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Wednesday, 1 April 2015

Pointless children’s book list

There’s a BBC TV quiz show called Pointless, which Jen and I watch. Prior to the show, 100 people are each given 100 seconds to provide as many answers as possible to the questions that will be put to the teams during the show. Correct answers are assigned a point value equal to the number of respondents who gave them, so that less commonly given answers have lower values than those given by many respondents. Contestants on the show attempt to give answers worth as few points as possible, aiming to have the lowest score amongst the contestants in each round. If a contestant gets an answer wrong, they score 100 points. "Pointless" answers are those correct answers that none of the 100 respondents gave, making them worth zero points. Thus, the more obscure the answer, the more chance of getting to the final, where the objective is to get an answer without any points - a pointless answer.

Yesterday, we watched one session that concerned ‘100 books for children to read by age 14’, a list provided by the Book Trust. We, among many others, were surprised at the books that were excluded. Books such as Alice in Wonderland, Treasure Island, Wind in the Willows, Charlie and the Chocolate Factory and The Gruffalo.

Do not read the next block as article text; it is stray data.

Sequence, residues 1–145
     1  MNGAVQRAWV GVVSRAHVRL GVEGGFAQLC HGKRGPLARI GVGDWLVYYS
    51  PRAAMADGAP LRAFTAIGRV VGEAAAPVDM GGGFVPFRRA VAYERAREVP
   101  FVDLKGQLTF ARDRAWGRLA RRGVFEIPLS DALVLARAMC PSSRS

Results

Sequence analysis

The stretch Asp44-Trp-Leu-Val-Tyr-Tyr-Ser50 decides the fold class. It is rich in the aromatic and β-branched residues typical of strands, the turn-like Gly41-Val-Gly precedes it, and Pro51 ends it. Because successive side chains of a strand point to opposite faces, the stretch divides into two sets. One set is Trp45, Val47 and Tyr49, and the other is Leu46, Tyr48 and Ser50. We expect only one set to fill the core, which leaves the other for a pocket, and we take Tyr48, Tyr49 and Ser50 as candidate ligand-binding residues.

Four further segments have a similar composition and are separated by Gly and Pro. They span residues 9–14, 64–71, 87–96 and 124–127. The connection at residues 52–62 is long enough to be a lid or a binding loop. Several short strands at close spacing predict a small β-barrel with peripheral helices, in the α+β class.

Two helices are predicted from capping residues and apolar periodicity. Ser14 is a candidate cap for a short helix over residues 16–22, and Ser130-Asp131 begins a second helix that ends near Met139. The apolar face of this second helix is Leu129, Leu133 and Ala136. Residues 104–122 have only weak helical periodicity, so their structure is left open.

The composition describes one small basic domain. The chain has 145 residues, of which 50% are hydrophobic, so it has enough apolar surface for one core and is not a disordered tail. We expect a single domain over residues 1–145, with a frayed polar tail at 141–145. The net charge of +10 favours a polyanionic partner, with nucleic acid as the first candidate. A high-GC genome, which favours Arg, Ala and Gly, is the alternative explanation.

I’ve since had a look at the Book Trust website, which can explain some of the exclusions.


The initial selection was for books published in the last hundred years – so that immediately excludes a great number of classics.

As for the absence of Charlie and Gruffalo, the 100 selection was further broken down into the ‘best books’ for 0-5 year-olds; 6-8; 9-11; and 12-14; so inevitably, that limits each group to only 25 titles.  The authors of both of these books are represented in the list, however, with other titles.

If nothing else, it proves that whenever a list of ‘best’ books is published, it will be controversial or at least contentious. And that can be no bad thing – it encourages discussion about favourite books.

Here is a selection of children’s classics that couldn’t make it onto that list but still provide rewarding reading for children:

(Full title not always shown, but you recognise the book!)

Robinson Crusoe, 1719

Brothers Grimm, 1812
Swiss Family Robinson, 1813

Hans Christian Andersen tales, 1837-72

Children of the New Forest, 1847

Tom Brown’s Schooldays, 1857
Coral Island, 1858

Water Babies, 1863
Journey to the Centre of the Earth, 1864
Alice in Wonderland, 1865
Little Women, 1868

What Katy Did, 1873
Tom Sawyer, 1876
Black Beauty, 1877

Treasure Island, 1883
Pinocchio, 1883
Heidi, 1884
King Solomon’s Mines, 1885
Dr Jekyll etc, 1886

Jungle Book, 1894
Dracula, 1897
Moonfleet, 1898

Wizard of Oz, 1900
Tales of Peter Rabbit, 1902
Call of the Wild, 1903
A Little Princess, 1905
Railway Children, 1906
Wind in the Willows, 1908
Anne of Green Gables, 1908
Secret Garden, 1909
 

 

2 comments:

Neil Waring said...

Lists are always interesting. I loved Call of the Wild and Tom Sawyer, two books that almost made it. A few others I remember reading made the list. Fun stuff, nice post.

Nik said...

Thanks, Neil. I missed off The Lost World in the 'missed list' - published in 1912, just under the wire, as it were...